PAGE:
Fritz’s Wakefield station is an impressive resource that proved to be more than up to the task.
“It was built in 2010,” he explains, “and can withstand earthquakes to magnitude 8. Our location is strategic to the region’s disaster relief because we’re the only unit far enough away from the coast to be totally secure in the event of a tsunami.
“We’re a two-pump station, with two appliances permanently based here. Our layout is really well designed, with a roomy engine bay, separate changing room and a well-equipped kitchen. The people flow is highly efficient.”
That flow was certainly put to the test in February.
Non-stop calls and enquiries
“The fire started on Tuesday at 1.18pm,” says Fritz, “kicking off an endless series of calls to the station. I spent the entire first day on the phone. As Chief Fire Officer my role is to get the fullest picture, help coordinate resources, and assist the command centre where I could.
“I remember one call in particular. A man with a very strong Indian accent phoned in. He wanted to know how many worked in our team. I said we have 22 in our brigade. Later that night two gentlemen appeared with an enormous spread: butter chicken, rice, naan bread, the works. It was just what we needed. They came again the next night. That’s an example of the outpouring of support we received, not just from the local community, which was incredible, but also well beyond.”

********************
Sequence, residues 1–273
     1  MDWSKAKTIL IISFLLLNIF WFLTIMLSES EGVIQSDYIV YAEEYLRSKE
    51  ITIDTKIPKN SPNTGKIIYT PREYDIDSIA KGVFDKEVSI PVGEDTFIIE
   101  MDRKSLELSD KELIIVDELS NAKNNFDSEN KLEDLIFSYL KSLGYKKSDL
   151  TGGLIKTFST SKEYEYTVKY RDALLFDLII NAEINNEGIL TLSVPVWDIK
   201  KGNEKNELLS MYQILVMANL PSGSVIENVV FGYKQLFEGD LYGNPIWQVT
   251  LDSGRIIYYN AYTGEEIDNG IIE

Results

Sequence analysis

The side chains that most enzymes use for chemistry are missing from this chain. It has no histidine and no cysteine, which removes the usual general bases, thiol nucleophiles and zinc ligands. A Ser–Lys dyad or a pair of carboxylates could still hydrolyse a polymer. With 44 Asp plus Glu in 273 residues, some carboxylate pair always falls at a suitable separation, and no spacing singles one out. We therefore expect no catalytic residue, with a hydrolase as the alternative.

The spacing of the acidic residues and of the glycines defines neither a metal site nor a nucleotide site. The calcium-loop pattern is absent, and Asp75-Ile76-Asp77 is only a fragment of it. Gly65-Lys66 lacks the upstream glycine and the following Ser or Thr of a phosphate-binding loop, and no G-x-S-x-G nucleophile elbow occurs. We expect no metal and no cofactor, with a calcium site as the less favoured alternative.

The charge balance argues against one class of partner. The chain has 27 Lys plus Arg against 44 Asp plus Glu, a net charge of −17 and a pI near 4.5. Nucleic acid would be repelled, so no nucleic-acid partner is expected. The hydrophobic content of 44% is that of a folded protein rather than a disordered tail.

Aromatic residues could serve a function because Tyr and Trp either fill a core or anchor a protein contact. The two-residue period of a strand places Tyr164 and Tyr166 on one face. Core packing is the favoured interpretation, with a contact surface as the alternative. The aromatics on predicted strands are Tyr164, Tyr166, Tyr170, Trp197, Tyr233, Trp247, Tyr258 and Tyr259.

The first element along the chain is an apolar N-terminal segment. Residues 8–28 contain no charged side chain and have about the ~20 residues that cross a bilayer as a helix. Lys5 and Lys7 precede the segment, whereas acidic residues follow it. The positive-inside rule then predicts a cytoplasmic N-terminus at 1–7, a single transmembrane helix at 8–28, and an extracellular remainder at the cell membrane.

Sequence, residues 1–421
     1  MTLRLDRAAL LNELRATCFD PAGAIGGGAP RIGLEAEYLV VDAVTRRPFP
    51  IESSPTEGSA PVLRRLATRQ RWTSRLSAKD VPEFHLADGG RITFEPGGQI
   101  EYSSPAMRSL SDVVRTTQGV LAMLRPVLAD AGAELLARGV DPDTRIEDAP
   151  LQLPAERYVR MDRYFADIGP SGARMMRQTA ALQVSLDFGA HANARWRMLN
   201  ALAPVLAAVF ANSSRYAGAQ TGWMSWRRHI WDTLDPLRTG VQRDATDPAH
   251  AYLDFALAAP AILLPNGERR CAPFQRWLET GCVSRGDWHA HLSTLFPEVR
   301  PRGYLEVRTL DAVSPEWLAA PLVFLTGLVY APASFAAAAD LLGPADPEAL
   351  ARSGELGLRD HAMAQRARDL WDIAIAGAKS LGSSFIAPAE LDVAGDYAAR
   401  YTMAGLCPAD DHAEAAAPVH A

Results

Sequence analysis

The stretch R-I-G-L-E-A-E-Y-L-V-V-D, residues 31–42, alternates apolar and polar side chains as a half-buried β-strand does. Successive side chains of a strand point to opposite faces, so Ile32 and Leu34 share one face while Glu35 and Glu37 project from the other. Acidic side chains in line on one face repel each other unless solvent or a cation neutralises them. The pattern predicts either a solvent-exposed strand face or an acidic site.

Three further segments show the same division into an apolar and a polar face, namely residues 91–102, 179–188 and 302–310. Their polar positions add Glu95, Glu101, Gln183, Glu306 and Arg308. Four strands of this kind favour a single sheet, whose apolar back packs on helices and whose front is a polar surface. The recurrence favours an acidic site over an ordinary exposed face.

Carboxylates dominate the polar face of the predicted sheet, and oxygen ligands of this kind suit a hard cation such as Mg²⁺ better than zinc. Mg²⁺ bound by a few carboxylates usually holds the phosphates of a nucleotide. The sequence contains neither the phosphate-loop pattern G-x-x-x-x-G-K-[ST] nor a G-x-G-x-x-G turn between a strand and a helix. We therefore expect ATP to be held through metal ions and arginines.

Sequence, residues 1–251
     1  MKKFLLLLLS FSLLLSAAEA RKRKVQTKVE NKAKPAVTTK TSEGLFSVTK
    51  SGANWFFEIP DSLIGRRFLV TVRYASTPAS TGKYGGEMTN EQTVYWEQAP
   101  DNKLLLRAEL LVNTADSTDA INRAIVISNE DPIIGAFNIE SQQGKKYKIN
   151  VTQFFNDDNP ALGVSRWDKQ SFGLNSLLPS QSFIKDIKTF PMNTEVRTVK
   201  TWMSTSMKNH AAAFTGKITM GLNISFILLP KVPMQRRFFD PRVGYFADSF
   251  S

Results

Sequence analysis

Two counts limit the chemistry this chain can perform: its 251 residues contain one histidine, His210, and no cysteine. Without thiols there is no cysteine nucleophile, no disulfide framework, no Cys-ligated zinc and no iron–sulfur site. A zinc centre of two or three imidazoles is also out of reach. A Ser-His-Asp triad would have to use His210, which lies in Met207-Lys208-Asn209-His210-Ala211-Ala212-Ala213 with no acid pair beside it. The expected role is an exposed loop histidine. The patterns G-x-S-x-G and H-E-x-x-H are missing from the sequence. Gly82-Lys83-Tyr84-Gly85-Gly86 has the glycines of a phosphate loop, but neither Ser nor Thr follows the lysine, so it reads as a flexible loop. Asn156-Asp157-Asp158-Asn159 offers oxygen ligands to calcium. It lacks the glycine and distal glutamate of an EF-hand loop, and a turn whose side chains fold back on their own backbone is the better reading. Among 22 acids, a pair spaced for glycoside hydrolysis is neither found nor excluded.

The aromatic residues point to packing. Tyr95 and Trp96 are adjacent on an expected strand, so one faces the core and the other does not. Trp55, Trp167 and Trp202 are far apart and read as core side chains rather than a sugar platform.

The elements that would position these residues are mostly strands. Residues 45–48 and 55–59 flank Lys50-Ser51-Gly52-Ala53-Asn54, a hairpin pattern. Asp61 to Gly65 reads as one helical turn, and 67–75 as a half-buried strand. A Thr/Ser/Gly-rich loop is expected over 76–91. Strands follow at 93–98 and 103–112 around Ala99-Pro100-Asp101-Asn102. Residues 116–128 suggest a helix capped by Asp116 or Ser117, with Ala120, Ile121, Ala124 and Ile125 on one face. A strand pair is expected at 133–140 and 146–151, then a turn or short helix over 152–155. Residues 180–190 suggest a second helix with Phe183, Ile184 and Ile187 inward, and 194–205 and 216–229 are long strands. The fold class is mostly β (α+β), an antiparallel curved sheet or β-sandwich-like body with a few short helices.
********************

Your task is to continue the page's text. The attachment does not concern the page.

Saving a sawmill
“By 2am on Wednesday, I was Division Commander for Yankee Sector, protecting Eves Valley, the Carter Holt Harvey sawmill, and Teapot Valley.”
Fritz was assigned teams from Stoke, Richmond, Upper Moutere and Takaka urban brigades as well as directing a D8 bulldozer and two 30-tonne excavators, to help secure the fire edge from spreading further. In addition, there were two fire appliances protecting the Eves Valley sawmill.